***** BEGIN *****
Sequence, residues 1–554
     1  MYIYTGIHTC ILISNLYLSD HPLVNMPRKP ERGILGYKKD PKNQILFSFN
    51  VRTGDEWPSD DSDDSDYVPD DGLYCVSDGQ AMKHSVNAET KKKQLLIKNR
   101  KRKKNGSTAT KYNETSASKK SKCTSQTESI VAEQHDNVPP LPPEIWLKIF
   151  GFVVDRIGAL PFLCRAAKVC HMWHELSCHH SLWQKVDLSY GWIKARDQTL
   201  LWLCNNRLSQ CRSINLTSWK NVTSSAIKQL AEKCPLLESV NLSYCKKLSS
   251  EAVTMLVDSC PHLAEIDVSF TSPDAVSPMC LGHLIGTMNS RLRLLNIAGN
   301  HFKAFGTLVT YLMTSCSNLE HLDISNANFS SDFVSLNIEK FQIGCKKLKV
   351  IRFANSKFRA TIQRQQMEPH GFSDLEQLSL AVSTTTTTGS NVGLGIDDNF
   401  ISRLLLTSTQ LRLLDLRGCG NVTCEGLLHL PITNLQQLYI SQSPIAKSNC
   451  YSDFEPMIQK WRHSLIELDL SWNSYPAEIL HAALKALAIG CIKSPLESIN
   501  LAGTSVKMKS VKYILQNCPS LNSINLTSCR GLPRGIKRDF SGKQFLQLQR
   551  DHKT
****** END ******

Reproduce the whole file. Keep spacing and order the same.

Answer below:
Sequence, residues 1–554
     1  MYIYTGIHTC ILISNLYLSD HPLVNMPRKP ERGILGYKKD PKNQILFSFN
    51  VRTGDEWPSD DSDDSDYVPD DGLYCVSDGQ AMKHSVNAET KKKQLLIKNR
   101  KRKKNGSTAT KYNETSASKK SKCTSQTESI VAEQHDNVPP LPPEIWLKIF
   151  GFVVDRIGAL PFLCRAAKVC HMWHELSCHH SLWQKVDLSY GWIKARDQTL
   201  LWLCNNRLSQ CRSINLTSWK NVTSSAIKQL AEKCPLLESV NLSYCKKLSS
   251  EAVTMLVDSC PHLAEIDVSF TSPDAVSPMC LGHLIGTMNS RLRLLNIAGN
   301  HFKAFGTLVT YLMTSCSNLE HLDISNANFS SDFVSLNIEK FQIGCKKLKV
   351  IRFANSKFRA TIQRQQMEPH GFSDLEQLSL AVSTTTTTGS NVGLGIDDNF
   401  ISRLLLTSTQ LRLLDLRGCG NVTCEGLLHL PITNLQQLYI SQSPIAKSNC
   451  YSDFEPMIQK WRHSLIELDL SWNSYPAEIL HAALKALAIG CIKSPLESIN
   501  LAGTSVKMKS VKYILQNCPS LNSINLTSCR GLPRGIKRDF SGKQFLQLQR
   551  DHKT